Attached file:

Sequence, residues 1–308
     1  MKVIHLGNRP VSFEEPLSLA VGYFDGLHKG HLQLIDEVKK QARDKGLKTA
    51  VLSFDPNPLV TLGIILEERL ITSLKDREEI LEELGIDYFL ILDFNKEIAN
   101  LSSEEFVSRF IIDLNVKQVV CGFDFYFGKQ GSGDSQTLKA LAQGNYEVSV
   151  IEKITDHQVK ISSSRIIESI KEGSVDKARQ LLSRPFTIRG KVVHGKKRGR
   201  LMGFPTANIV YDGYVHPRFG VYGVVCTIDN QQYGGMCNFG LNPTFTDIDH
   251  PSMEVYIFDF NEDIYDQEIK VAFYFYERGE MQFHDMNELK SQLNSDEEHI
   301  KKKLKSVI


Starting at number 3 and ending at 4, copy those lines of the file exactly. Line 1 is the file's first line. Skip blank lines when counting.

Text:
    51  VLSFDPNPLV TLGIILEERL ITSLKDREEI LEELGIDYFL ILDFNKEIAN
   101  LSSEEFVSRF IIDLNVKQVV CGFDFYFGKQ GSGDSQTLKA LAQGNYEVSV